It’s Tuesday, but that could also be known as Procrastination Day. I’m on vacation, so I’m not under great time pressure, but I have tasks that I need to address this week. Today is overcast and drizzly. It’s the perfect day to get things done. I need to write a letter to my class. It’s a school tradition that the fifth grade teachers write a letter to their class and read it at the Moving Up Ceremony at the end of the year. (Note: I believe I am the #%#$@-hole who started this tradition about 15 years ago). We have to write the letter in April, because the parents like to put the letter in the fifth grade yearbook, and that goes to press…soon. My deadline is April 17. I know, after a month of writing a daily slice, it shouldn’t be hard to write a letter. Still, there are so many ways to avoid the task.
Just this morning I have found almost twenty ways to leave my letter:
Just go to the bank, Hank, run a trivial errand, Darren
Make a to-do, Hugh; it’s important to you.
Send an email, Dale, format some pix, Trix
Just take out McGee, Lee, and keep your keys free.
Sadly, I just spent an inordinate amount of time wondering why nothing that I did today rhymed with any known names in the western world. Nothing rhymes with adding 100 songs to a Spotify playlist. Nothing rhymes with hanging a family portrait that’s been sitting around for months (oh wait, “hang a picture on the wall, Paul!), or sending excessively long texts about poems discussed over the weekend, or a reminder to Sarah about meeting with one of my former students who’s touring her college (“Don’t call ‘er, just text ‘er, Dexter,” was the best I could come up with. Seriously, I spent time thinking about that!).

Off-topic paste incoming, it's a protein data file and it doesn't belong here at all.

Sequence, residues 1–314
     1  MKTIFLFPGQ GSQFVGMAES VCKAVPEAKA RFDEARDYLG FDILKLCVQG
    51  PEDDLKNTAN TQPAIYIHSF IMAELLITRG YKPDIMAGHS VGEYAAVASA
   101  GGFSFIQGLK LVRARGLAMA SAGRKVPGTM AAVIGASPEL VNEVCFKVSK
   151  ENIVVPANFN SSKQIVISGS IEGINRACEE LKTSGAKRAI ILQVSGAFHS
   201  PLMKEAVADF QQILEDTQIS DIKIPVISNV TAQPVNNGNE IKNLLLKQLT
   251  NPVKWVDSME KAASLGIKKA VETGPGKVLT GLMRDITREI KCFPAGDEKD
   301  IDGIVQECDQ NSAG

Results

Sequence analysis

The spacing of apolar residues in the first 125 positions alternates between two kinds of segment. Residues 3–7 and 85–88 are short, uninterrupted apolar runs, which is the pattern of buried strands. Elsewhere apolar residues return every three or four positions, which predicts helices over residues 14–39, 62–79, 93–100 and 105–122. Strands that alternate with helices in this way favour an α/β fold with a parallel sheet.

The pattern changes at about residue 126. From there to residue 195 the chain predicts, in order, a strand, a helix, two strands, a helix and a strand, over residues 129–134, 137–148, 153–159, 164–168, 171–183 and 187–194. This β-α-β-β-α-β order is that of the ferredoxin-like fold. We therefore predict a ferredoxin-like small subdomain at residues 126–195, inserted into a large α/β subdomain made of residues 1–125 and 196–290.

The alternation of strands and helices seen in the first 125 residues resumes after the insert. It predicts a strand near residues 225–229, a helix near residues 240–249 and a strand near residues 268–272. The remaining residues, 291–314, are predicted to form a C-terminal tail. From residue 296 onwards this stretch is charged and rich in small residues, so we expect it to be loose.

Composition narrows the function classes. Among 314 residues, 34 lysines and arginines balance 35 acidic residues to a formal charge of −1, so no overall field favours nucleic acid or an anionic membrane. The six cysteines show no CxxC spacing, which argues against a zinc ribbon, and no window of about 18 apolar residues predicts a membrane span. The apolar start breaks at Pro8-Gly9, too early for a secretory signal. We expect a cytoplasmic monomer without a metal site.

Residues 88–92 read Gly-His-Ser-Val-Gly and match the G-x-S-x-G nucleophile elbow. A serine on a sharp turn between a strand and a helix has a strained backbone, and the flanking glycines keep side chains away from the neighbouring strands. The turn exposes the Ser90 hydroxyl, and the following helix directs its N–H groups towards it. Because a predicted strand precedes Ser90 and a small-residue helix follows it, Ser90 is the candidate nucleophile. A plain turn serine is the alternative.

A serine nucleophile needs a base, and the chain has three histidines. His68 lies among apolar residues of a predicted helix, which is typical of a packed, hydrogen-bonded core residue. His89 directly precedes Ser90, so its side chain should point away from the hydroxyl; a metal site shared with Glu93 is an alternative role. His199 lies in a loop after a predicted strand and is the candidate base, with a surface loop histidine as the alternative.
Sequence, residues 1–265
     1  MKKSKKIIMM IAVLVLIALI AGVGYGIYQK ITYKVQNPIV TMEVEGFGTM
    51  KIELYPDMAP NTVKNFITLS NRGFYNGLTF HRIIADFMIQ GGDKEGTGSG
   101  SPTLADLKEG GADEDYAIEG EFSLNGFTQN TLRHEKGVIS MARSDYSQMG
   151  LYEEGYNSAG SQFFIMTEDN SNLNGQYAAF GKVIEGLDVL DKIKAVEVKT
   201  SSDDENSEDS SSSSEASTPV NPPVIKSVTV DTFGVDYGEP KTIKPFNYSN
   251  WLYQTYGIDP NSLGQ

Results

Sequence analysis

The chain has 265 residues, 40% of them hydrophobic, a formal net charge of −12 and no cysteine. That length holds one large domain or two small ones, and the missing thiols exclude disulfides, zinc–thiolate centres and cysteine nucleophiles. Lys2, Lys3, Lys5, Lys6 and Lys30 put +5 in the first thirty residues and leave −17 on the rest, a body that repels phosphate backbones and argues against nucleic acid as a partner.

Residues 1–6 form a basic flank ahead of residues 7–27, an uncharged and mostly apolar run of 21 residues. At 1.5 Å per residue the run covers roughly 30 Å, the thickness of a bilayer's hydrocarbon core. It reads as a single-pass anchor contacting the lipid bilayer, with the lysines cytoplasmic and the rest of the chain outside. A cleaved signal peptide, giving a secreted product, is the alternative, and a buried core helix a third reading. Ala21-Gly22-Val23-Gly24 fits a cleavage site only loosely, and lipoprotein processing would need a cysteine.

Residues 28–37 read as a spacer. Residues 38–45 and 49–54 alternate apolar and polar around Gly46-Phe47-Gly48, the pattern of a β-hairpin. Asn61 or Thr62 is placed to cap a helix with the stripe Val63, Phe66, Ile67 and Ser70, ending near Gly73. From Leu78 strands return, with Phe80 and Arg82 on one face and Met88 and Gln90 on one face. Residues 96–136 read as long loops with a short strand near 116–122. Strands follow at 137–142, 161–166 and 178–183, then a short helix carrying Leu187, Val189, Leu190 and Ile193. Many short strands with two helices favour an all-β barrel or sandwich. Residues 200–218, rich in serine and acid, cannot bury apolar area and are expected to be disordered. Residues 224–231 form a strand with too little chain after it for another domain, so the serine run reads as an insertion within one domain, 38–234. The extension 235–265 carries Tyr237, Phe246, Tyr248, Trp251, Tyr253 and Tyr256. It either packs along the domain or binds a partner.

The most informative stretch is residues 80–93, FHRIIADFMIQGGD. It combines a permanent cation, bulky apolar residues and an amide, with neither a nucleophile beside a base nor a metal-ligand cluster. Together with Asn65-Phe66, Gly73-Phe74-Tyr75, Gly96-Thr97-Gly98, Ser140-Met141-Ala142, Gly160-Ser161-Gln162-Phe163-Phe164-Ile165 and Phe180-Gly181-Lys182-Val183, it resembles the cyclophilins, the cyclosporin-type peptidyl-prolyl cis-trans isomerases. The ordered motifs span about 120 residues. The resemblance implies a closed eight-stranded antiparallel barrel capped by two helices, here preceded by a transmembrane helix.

So, since I’m even having trouble writing about the ways that I’m not writing, I think I’ll just publish this post and force myself to get to it.
Just sit and compose, Rose; write a rough draft, Shaft.
No need to delay, Jay, just listen to me.
Just tap on the keys, Louise, no need to fret, Chet
Just get it on the page, Gage, and set yourself free.
Final note: Just for the record, Paul Simon only came up with five ways in his song, not fifty. I counted.